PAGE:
How did william morris go about creating his designs
William Morris Quotes (Author of The Wood Beyond the World)
William Morris: design for living
During his career, William Morris produced over 50 wallpapers. Remember that a pattern is either right or wrong. It cannot be forgiven for blundering, as a picture may be which has otherwise great qualities in it. It is with a pattern as with a fortress, it is no stronger than its weakest point. The success of Morris's wallpaper designs relies on his well-practiced and close observation of nature. Every one centres on plant-based forms, whether expressed in a luxuriantly naturalistic style e.
'The Diligent Study of Nature'
By the word pattern-design, of which I have undertaken to speak to you to-night, I mean the ornamentation of a surface by work that is not imitative or historical, at any rate not principally or essentially so. Such work is often not literally flat, for it may be carving or moulded work in plaster or pottery; but whatever material relief it may have is given to it for the sake of beauty and richness, and not for the sake of imitation, or to tell a fact directly; so that people have called this art ornamental art, though indeed all real art is ornamental. Now, before we go further, we may as well ask ourselves what reason or right this so-called ornamental art has to existence? We might answer the question shortly by saying that it seems clear that mankind has hitherto determined to have it even at the cost of a good deal of labour and trouble: an answer good enough to satisfy our consciences that we are not necessarily wasting our time in meeting here to consider it; but we may furthermore try to get at the reasons that have forced men in the mass always to expect to have what to some of them doubtless seems an absurd superfluity of life. I do not know a better way of getting at these reasons than for each of us to suppose himself to be in the room in which he will have to pass a good part of his life, the said room being quite bare of ornament, and to be there that he may consider what he can do to make the bare walls pleasant and helpful to him; I say the walls, because, after all, the widest use of pattern-designing is the clothing of the walls of a room, hall, church, or what building you will. Doubtless there will be some, in these days at least, who will say, "'Tis most helpful to me to let the bare walls alone. Again, a healthy and sane person being asked with what kind of art he would clothe his walls, might well answer, "With the best art," and so end the question.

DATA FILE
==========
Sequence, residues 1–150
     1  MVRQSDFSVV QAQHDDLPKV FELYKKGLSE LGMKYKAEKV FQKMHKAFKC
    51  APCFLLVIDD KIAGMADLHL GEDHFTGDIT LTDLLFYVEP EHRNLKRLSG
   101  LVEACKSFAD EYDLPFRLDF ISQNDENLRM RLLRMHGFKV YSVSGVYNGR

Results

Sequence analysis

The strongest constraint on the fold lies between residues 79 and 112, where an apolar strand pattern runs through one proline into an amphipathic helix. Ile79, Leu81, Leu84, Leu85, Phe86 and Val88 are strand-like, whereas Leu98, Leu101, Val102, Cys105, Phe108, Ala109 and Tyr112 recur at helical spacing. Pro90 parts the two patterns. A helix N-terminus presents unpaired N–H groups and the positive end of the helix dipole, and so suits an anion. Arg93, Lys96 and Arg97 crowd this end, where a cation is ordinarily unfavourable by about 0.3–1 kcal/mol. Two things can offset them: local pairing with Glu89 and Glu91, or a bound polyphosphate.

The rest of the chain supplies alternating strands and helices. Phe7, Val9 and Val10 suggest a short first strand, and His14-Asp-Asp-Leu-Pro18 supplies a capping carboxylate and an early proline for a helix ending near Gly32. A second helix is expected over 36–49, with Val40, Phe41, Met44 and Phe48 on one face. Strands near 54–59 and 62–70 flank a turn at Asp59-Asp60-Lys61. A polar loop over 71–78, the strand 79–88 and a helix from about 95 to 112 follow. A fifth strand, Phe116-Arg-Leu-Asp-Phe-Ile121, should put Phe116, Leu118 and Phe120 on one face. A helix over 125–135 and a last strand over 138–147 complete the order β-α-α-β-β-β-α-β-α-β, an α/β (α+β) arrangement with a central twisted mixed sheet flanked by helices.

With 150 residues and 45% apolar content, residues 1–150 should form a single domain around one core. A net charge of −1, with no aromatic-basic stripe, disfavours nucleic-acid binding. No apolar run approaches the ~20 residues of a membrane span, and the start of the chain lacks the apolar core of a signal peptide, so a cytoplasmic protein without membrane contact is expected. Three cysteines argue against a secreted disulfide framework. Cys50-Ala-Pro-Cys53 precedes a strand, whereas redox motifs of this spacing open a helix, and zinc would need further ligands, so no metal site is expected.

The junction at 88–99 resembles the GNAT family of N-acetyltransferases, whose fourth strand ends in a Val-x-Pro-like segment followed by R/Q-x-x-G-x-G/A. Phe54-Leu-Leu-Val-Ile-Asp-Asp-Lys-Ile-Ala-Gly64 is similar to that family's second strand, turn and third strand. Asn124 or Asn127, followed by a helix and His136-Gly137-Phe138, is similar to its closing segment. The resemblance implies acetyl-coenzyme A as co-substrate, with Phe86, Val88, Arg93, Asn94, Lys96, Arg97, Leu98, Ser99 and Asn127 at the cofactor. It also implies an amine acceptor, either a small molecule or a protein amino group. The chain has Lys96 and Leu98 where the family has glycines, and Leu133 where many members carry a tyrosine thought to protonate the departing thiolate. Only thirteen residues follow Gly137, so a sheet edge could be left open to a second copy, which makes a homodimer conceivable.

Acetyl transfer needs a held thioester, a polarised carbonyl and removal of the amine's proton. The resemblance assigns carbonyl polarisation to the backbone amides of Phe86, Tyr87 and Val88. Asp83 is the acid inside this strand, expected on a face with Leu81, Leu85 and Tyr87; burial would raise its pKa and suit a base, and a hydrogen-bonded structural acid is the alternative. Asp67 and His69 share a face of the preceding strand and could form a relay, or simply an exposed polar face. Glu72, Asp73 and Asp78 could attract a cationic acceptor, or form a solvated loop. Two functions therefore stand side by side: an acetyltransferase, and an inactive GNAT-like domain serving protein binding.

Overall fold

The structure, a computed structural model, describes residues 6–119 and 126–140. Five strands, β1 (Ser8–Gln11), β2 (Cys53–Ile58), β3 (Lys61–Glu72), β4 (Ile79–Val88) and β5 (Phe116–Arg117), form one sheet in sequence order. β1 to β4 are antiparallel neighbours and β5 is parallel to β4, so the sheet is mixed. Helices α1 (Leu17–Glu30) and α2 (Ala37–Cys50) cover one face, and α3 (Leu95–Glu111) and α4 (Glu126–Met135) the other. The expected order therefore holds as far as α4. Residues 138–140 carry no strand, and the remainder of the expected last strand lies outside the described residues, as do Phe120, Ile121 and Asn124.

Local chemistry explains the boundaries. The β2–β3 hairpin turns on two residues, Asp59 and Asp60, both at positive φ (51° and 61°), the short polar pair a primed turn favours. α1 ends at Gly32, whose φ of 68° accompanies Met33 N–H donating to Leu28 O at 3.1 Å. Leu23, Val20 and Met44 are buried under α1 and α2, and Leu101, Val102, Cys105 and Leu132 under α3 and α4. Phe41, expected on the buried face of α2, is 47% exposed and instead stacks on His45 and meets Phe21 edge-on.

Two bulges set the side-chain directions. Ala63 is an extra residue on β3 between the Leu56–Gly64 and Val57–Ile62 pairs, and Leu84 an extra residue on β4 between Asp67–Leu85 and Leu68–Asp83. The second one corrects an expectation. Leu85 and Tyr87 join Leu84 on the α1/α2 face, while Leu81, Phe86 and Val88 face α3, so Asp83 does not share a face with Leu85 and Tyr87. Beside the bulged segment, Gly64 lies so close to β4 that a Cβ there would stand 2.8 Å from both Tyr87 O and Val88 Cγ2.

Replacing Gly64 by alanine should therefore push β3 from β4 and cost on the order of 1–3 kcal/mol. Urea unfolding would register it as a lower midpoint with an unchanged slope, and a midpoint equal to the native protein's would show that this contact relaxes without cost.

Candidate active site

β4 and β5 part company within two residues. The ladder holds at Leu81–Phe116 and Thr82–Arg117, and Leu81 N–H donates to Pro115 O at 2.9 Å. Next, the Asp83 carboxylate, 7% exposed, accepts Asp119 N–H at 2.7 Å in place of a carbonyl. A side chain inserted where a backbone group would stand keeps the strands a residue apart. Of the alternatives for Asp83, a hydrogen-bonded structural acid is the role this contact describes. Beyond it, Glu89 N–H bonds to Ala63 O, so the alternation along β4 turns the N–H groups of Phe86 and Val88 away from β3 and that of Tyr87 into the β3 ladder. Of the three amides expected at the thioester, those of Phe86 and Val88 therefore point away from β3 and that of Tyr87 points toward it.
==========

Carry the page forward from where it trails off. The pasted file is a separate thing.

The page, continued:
William Morris was a leading member of the Arts and Crafts Movement. He is best known for his pattern designs, particularly on fabrics and wallpapers. His vision in linking art to industry by applying the values of fine art to the production of commercial design was a key stage in the evolution of design as we know it today. William Morris was an artist, designer, printer, typographer, bookbinder, craftsman, poet, writer and champion of socialist ideals. He believed that a designer should have a working knowledge of any media that he used and as a result he spent a lot of time teaching himself a wide variety of techniques. Like many designers of his time, Morris was skilled in a wide range of arts and crafts. For example, although he is famous for his wallpaper designs, he also founded the Kelmscott Press which published high quality hand bound books and was very influential in the revival of the private press.
He was a major contributor to the revival of traditional British textile arts and methods of production. His literary contributions helped to establish the modern fantasy genre, while he played a significant role propagating the early socialist movement in Britain. Morris was born in Walthamstow , Essex to a wealthy middle-class family. He came under the strong influence of medievalism while studying Classics at Oxford University , there joining the Birmingham Set. The firm profoundly influenced interior decoration throughout the Victorian period , with Morris designing tapestries, wallpaper, fabrics, furniture, and stained glass windows.